Spline Solution for the Nonlinear Schrödinger Equation

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Received 13 July 2016; accepted 22 August 2016; published 25 August 2016

1. Introduction

Consider the following nonlinear Schrödinger equation

(1)

With the boundary conditions

(2)

And the initial condition

(3)

where, is the complex-valued wave function. and are constant, is a bounded real function. This equation plays important roles in nonlinear physics. It can describe many nonlinear phenomena including plasma physics [1] , hydrodynamics [1] [2] , self-focusing in laser pulses [3] , propagation of heat pulses in crystals, models of protein dynamics [4] , quantum mechanics [5] , models of energy transfer in molecular systems [6] and quantum mechanics and optical communication [7] - [9] and so on.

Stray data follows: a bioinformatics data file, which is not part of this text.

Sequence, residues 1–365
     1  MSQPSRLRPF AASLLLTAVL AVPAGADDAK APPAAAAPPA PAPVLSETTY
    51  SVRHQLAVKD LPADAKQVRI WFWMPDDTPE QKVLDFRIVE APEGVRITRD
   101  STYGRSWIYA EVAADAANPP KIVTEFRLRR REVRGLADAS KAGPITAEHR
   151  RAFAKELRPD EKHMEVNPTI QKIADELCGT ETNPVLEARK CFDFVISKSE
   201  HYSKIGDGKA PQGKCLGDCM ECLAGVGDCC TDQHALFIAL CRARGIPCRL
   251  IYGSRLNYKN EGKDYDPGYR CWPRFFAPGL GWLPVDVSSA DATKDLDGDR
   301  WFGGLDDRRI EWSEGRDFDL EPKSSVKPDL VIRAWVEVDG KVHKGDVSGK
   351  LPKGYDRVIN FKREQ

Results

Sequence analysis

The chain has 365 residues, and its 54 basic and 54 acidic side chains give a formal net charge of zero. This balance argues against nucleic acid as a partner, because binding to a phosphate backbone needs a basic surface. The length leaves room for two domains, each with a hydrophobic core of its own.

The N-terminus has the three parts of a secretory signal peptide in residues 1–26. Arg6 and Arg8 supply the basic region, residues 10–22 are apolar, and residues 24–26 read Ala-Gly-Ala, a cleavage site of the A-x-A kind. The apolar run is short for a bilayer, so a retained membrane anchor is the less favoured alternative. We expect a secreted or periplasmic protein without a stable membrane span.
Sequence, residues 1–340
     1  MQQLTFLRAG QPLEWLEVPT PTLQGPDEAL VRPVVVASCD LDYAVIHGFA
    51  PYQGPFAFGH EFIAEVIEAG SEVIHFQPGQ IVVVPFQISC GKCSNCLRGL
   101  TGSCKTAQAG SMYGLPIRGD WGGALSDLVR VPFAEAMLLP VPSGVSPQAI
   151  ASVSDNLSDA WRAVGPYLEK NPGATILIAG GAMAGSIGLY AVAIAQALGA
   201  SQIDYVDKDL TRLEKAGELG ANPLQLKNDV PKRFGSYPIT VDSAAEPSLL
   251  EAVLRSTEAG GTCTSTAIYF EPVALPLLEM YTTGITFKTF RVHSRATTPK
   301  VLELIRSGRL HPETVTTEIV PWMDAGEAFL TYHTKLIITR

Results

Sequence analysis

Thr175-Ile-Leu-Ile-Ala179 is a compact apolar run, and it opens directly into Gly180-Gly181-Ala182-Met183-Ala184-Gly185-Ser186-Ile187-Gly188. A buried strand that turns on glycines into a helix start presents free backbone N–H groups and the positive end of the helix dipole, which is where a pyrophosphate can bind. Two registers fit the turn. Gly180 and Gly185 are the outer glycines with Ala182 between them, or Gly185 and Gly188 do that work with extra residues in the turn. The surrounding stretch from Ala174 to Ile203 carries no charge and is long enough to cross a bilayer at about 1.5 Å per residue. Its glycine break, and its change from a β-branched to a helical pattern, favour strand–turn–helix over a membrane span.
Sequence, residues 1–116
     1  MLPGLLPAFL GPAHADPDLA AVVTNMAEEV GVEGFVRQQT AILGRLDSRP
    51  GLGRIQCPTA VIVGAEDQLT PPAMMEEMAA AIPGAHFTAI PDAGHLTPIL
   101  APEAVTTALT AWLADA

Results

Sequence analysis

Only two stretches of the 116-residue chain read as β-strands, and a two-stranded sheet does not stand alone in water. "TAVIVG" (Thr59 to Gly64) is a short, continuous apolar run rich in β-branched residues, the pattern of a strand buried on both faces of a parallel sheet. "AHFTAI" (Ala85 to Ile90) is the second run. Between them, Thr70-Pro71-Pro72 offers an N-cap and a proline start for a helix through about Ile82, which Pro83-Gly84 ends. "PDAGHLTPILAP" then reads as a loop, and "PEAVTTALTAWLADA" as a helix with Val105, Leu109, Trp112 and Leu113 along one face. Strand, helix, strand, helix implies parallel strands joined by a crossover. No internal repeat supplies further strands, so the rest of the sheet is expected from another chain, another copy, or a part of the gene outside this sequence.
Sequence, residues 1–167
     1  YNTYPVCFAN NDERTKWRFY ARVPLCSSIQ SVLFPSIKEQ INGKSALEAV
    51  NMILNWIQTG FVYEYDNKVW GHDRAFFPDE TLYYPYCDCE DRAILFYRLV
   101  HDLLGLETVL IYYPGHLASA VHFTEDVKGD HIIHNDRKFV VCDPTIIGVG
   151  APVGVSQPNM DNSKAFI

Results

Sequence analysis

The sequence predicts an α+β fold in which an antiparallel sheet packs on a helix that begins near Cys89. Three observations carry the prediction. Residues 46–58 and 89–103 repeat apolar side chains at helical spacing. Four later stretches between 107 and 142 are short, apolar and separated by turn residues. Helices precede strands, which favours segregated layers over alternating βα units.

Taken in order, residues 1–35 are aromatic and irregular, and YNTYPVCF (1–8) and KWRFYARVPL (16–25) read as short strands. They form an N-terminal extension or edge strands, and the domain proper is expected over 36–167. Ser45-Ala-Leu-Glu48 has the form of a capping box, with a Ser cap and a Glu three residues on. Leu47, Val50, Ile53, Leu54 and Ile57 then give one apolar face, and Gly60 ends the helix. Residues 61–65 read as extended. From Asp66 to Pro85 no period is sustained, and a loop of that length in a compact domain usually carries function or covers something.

In the past few years a great deal of efforts has been expended to solve NLS equations. It is more difficult to find the analytical solutions of the NLS equation, so the study of the numerical solution of NLS equation in the theory and application is important. Its numerical solutions have been researched by many authors. For example, finite difference method [10] [11] , quasi-interpolation scheme [12] , quadratic B-spline finite element scheme [13] , compact split-step finite difference method and pseudo-spectral collocation method [14] [15] , exponential spline method [16] , spline methods [17] [18] , split-step orthogonal spline collocation method [19] , a high-order and accurate method [20] , linearly implicit conservative scheme [21] .